Seoul: South Korea and India signed an ambitious free trade agreement on Friday that slashes tariffs, encourages investment and promotes exchange of skills in a bid to double fast growing commerce over the next decade between two of Asia’s biggest economies.
South Korean trade minister Kim Jong-hoon and India’s minister for commerce and industry Anand Sharma signed what the two sides formally called a Comprehensive Economic Partnership Agreement, but which in reality is a free trade deal.
“This is a historic occasion,” Sharma said at a joint press conference with Kim.
Cementing deal: Minister for commerce and industry Anand Sharma (left) with his South Korean counterpart Kim Jong-hoon. Lee Jin-man / AP
Kim said it was South Korea’s first free trade accord with one of the fast growing Bric countries—Brazil, Russia, India and China. Sharma said it was India’s first comprehensive trade agreement with a major economy.
Bilateral trade between the two countries reached $15.6 billion (Rs74,724 crore) last year, according to South Korea, and has been steadily growing. In 2002, it amounted to just $2.6 billion.
“We will be able to have access to one-sixth of the global market,” Kim said, adding the agreement “will open a significant opportunity as well as strengthen our relationship with India into the future”.
Sharma said the economic relationship between the two countries “has enormous potential to grow” and could double over the next 10 years.
“That’s what we will be aiming at,” he said. “This is just the beginning.”
The deal calls for abolishing or cutting tariffs for 90% of Indian goods in terms of value and 85% of South Korean products and increases investment opportunities, Seoul’s ministry of strategy and finance said in a statement.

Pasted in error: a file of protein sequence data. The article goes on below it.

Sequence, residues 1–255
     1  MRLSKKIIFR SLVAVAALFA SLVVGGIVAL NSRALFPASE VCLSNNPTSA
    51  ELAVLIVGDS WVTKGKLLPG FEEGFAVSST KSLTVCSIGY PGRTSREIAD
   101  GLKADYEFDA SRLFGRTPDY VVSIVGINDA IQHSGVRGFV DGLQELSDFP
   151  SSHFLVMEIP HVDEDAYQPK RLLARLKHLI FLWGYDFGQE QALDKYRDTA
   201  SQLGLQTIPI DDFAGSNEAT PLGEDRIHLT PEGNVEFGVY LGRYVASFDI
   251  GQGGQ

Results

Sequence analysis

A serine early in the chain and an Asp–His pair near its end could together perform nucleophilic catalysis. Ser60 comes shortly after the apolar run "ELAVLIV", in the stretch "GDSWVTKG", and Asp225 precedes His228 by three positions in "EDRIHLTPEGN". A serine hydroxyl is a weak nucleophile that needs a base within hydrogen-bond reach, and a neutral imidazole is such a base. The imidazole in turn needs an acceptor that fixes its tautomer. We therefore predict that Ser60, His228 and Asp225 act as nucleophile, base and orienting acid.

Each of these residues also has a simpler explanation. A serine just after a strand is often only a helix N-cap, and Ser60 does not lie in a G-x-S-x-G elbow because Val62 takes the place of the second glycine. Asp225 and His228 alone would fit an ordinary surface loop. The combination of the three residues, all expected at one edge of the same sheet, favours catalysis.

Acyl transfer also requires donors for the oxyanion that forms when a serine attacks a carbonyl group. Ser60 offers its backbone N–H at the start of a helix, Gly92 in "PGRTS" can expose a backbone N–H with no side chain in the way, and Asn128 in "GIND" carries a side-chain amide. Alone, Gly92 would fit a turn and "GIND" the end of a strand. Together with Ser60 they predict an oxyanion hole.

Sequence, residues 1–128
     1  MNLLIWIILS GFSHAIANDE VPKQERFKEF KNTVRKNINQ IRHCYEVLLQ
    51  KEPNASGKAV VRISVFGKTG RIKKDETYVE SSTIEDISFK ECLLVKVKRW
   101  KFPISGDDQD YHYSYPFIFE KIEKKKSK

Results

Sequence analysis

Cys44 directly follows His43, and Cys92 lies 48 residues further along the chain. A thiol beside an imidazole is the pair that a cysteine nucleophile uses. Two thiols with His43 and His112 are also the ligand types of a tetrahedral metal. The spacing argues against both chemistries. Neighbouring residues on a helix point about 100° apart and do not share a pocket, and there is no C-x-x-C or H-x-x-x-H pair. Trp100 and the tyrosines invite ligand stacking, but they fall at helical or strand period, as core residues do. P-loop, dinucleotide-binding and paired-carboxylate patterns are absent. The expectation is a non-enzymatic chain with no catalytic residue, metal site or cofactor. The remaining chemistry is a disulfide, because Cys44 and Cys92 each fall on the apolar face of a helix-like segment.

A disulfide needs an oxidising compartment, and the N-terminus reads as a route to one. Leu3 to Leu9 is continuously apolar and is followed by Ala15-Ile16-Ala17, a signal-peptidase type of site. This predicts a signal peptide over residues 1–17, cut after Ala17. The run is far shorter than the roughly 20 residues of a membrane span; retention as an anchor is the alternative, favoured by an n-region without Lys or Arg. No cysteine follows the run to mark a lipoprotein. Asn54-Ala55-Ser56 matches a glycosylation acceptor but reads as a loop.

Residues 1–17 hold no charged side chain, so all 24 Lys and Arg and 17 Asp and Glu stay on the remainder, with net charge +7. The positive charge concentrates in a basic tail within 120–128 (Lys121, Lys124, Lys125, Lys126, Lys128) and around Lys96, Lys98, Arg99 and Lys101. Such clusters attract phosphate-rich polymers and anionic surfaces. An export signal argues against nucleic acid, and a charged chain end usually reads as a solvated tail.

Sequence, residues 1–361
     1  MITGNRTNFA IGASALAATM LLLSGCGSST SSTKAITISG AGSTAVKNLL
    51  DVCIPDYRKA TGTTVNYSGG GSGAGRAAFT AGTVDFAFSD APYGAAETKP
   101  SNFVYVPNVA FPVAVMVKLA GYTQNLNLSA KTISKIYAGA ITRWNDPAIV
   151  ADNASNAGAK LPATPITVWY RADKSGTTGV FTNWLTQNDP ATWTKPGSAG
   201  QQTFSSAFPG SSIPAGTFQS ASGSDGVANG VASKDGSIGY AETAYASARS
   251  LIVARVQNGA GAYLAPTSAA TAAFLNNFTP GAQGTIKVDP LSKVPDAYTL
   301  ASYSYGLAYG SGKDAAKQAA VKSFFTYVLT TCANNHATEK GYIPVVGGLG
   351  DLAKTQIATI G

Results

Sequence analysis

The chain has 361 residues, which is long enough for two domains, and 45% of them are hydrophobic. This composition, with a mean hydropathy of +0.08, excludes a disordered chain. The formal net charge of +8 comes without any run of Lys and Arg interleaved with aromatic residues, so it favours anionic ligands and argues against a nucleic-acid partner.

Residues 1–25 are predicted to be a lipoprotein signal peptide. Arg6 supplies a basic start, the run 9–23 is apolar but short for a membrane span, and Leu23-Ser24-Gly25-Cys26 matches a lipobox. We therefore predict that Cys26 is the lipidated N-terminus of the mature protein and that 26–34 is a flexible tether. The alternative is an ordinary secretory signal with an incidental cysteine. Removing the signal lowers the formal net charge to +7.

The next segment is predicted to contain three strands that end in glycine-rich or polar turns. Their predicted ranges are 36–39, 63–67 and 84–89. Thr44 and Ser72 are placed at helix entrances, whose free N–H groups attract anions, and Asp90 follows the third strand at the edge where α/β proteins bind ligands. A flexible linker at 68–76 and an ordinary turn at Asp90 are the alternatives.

Amit Mitra, secretary general of the Federation of Indian Chambers of Commerce and Industry, expressed the hope that the deal would lead to more access for Indian exports and improve India’s trade deficit with South Korea which, he said, amounted to $4.6 billion for the period from April 2008 to February 2009.
The agreement also allows for greater personnel exchanges between the countries, the ministry said, paving the way for Indian computer and software experts as well as English teachers to gain access to the South Korean market.
“India has great competitiveness in terms of its IT (information technology) professionals and so they will be able to come to Korea to contribute to the growth of the national economy in Korea,” Kim said. “English teachers from India will be able to contribute to the development of education in Korea as well.”
Major South Korean companies such as Samsung Electronics Co. Ltd, Hyundai Motor Co., LG Electronics Inc. and steel maker Posco are already active investors in India.
Negotiations for the deal began in February 2006.
Though the agreement has been signed, several steps remain on the South Korean side for it to take effect, such as ratification by the national assembly, according to the ministry. India, however, has completed all necessary procedures for the deal to take effect, the ministry said.
India’s largest trading partners were the US and China in 2007-08, according to data the ministry of commerce and industry submitted to Parliament last month. South Korea’s biggest trade partners in 2008 were China and the European Union (EU), according to government data.
Seoul signed a free trade deal with the US in 2007, though it has yet to be ratified by legislatures in both countries amid political sensitivities and suspicions regarding free trade among some lawmakers. Seoul also has a free trade agreement with the Association of Southeast Asian Nations and said last month it has concluded negotiations with the EU. Other major South Korean trading partners include the US and Japan.
The agreement is India’s second, following a similar one with Singapore in 2005.
Erika Kinetz contributed to this story.